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Methanol plant area

The downriver end of the Port of Kalama property adjoining the Steelscape plant and vacant property which will be leased by Northwest Innovation Works for a methanol plant.

Sixteen environmental and public health organizations submitted comments Thursday opposing the proposed $2 billion Kalama methanol plant, contending the proponent is “greenwashing” the project to appear more environmentally friendly than it is.

Riverkeeper, Sierra Club, Washington Physicians for Social Responsibility and other groups sent in the comments as part of the public comment period on a Draft Supplemental Environmental Impact Statement. The comment period closed Friday at 5 p.m.

Northwest Innovation Works wants to build the plant at the Port of Kalama to convert natural gas to methanol. The company paid Life Cycle Associates to study the “cradle-to-grave” greenhouse gas emissions related to the project. The study concluded the plant would have a net reduction on global greenhouse emissions by displacing coal-based methanol plants in China.

Riverkeeper’s statement reiterates points the group has made about the project earlier. Namely, that the study relies on speculation of global methanol markets and China’s use of coal-based methanol production and “cherry-picks” data about leakage rates for natural gas as it is fracked and transported to the Kalama site.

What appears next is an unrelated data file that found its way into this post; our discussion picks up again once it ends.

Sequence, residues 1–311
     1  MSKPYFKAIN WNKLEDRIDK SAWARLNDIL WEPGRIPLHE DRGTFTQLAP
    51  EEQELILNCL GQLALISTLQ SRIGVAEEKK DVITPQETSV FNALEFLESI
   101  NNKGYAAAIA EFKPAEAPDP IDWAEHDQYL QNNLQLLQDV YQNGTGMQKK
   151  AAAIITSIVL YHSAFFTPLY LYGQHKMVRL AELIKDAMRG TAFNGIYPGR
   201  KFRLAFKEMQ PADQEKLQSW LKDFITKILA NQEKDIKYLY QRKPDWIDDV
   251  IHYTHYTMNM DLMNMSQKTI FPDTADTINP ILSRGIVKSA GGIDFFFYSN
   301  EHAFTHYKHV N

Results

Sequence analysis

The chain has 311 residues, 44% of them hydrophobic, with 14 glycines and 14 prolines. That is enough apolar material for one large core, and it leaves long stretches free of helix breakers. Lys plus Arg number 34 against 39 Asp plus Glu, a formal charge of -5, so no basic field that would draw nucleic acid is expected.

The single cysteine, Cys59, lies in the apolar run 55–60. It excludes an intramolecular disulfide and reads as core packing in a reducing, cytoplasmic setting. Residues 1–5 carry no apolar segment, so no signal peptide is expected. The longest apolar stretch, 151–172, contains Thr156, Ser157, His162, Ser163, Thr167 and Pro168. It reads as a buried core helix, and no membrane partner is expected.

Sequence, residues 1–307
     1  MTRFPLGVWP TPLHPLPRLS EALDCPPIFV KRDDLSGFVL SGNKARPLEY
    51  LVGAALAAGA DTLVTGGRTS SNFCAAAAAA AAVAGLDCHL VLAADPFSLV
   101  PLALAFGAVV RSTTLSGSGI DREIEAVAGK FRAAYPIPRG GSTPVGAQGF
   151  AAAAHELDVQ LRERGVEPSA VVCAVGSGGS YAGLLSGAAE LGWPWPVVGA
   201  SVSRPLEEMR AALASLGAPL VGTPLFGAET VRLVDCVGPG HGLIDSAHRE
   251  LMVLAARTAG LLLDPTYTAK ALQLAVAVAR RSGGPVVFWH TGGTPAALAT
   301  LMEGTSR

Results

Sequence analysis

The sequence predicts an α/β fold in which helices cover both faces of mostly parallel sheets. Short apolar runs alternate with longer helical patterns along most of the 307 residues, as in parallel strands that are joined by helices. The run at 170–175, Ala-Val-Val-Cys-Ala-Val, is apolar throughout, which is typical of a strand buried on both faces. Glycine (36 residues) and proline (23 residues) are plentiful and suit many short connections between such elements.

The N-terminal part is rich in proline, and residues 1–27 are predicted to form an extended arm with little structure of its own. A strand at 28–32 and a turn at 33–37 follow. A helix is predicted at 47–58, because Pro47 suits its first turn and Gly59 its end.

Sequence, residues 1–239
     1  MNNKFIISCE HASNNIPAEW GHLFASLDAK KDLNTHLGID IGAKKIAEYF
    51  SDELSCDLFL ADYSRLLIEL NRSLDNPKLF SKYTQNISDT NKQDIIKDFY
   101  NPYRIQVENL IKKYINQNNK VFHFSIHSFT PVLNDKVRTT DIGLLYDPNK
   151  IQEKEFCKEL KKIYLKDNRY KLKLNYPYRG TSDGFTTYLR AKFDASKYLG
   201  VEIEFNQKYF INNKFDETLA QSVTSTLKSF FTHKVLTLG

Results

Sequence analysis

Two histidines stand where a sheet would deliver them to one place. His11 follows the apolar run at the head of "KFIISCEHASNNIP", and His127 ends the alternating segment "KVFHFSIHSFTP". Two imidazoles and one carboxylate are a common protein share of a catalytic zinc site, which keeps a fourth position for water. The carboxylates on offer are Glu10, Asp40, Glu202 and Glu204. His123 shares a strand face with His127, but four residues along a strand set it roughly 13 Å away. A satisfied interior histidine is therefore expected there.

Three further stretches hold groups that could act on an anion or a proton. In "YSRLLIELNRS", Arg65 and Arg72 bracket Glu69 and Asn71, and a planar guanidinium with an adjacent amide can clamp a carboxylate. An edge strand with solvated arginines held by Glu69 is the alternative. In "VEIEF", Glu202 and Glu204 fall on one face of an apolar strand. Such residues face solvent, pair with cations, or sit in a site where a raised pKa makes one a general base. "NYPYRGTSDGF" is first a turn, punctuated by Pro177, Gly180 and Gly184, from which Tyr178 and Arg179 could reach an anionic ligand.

“We’re calling on Governor Inslee and Ecology to scrutinize the corporation’s misleading and incomplete evaluation of building the world’s largest fracked gas-to-methanol refinery and see the project for what it is: a mega climate polluter,” said Jasmine Zimmer-Stucky, senior organizer for Columbia Riverkeeper in a press release Friday.

Kent Caputo, NWIW chief commercial officer and general counsel, said Friday the process has been “robust” and will continue to be. As the project moves forward, it’s important people’s concerns and variety of views are taken into account, he said. The company looks forward to the project advancing and working through the public’s concerns, Caputo said.

NWIW has pledged to voluntarily reduce or compensate for all 1 million tons of in-state carbon emissions. That, along with the predicted displacement of coal plants, is a “big deal,” Caputo said.

“We’re proud of the amount of work that we have put into crafting a project for a facility that is so environmentally conscious,” Caputo said.

NWIW has also touted the project’s economic benefits, including creating about nearly 1,000 construction and 200 permanent jobs.

The supplemental study was overseen by the Port of Kalama and Cowlitz County.

It was undertaken because the State Shorelines Hearings Board had concluded the original climate change analysis for the plant was inadequate and needed to consider the global impact of the carbon emissions.

Life Cycle Associates will produce the final study, which will include the public comments. Caputo said after the supplemental study is finalized and the EIS process complete, the county and State Department of Ecology will take the reports into account when deciding on any changes to permits already issued.

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